Finance, News

The ‘Elaborate and Sophisticated’ Fraud of Wirecard

Abhinav Raj

Abhinav Raj, Writer

German financial services giant Wirecard crashed after the company acknowledged €1.9 billion on its balance sheets never existed

Thursday morning awaited with an unwelcome surprise for the UK as thousands found themselves unable to access their funds, a consequence of the cascading effect originating from the fall of Wirecard. 

Wirecard Card Solutions Ltd. had its UK license suspended by the Financial Conduct Authority after its parent organisation headquartered in Germany filed for insolvency. 

According to a Reuters report, Wirecard AG made a statement on Monday that €1.9 billion on the firm’s books never existed, leading to the arrest of the former CEO Markus Braun on the charges of inflating the firm’s balance sheet with feigned income, an increased amount of assets and sales volume to lure investors. German law enforcement is currently on the lookout for the company’s chief operating officer, Jan Marsalek, who is rumoured to be in Asia. 

Accountancy firm Ernst & Young, which had audited Wirecard for over a decade had failed to check the bank statements of the fintech firm for three years and is taking heavy flak for failing to detect the accounting fraud sooner. 

“There are clear indications that this was an elaborate and sophisticated fraud involving multiple parties around the world in different institutions with a deliberate aim of deception,” said The Big Four accounting firm, in a statement to Reuters. 

Wirecard currently owes its creditors an outstanding amount of approximately €3.5 billion. From a financial standpoint, the firm has (probably) seen better days as its stocks have been plummeting at an exponential rate—from over €100 the previous week to €1.28 on Saturday.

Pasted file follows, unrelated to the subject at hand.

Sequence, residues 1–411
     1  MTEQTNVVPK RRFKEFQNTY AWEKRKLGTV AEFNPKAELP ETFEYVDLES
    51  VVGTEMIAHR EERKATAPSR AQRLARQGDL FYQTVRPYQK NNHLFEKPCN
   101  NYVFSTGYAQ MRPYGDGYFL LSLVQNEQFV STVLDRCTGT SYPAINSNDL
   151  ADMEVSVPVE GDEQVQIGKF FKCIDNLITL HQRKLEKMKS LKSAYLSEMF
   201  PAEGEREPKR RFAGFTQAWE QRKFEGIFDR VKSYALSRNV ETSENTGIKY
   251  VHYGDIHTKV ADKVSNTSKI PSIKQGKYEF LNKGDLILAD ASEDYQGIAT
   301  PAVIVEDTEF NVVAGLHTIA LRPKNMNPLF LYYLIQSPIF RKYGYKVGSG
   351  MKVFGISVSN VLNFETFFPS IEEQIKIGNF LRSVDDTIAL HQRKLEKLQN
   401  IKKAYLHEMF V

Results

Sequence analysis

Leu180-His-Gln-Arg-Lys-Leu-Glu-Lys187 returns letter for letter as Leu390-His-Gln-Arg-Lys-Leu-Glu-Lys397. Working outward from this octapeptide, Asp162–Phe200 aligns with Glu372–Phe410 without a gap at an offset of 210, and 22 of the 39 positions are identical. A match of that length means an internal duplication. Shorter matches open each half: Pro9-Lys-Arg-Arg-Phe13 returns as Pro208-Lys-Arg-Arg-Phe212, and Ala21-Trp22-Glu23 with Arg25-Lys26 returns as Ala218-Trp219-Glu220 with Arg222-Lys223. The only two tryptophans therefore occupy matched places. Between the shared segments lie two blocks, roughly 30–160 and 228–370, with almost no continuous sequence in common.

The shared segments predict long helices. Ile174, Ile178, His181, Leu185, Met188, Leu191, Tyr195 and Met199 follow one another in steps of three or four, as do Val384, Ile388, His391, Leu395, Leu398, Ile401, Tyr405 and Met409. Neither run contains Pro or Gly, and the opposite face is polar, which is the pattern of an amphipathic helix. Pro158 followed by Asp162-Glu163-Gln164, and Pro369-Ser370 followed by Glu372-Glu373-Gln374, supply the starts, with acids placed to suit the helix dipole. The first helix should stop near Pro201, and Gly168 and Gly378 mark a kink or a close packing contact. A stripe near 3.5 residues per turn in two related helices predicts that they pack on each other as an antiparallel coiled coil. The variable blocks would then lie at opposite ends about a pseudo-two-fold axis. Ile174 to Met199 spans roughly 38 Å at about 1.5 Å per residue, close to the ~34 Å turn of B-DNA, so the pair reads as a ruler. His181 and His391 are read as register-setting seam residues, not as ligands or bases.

Watchdogging the Watchdog: EU to Investigate BaFin

The European Union is probing into the German financial regulator, the Federal Financial Supervisory Authority (BaFin) with just a few days left for Berlin to assume the rotating EU presidency. This lands Berlin in an ignominious spot. 

The European Commission has initiated an independent analysis to find the degree of impropriety on the part of the German financial regulator. The fall of Wirecard inevitably has debilitated investor trust in the EU, and Brussels believes there’s more to learn beneath the surface of the scandal.

The European Securities and Markets Authority (ESMA) is to investigate whether BaFin violated the EU law on financial reporting, at the behest of the EC. 

“We will be asking ESMA to investigate whether there have been supervisory failures, and if so, to set out a possible course of action,” said Valdis Dombrovskis, the executive vice-president of the Commission, in an interview with the Financial Times. 

ESMA’s findings in the investigation may warrant a “breach of union law” investigation which subsequently will require BaFin to provide information to the agency. 

Wirecard’s phenomenal growth in the past had the scepticism of many journalists and short-sellers, with many speculating plausible fraudulency in its accounting practices. 

In October 2019, the Financial Times uncovered a series of red flags surrounding the dubious accounting practices of the financial services firm. To analysts and journalists across the world, the breakneck success of the company in a short span of time seemed naturally uncanny, however, any sceptical eye surveying Wirecard was unwelcome by Braun and even the German financial watchdog. The BaFin in April 2019 even went so far to file a criminal complaint against two Financial Times journalists and a group of short-sellers, accusing them of market manipulation.

The investor trust is undoubtedly shaken as an aftermath of what appears to be one of the biggest corporate scandals of Germany. 

There’s no one party to blame; from EY’s colossal oversight in auditing to the German financial regulators pushing for criminal charges against FT’s journalists instead of investigating Wirecard’s blatantly suspicious accounting practices, it stands to reason that the financial giant’s elaborate fraud went undetected as a consequence of collective failure on the part of competent authorities. 

And this isn’t even a feature story on The Onion.

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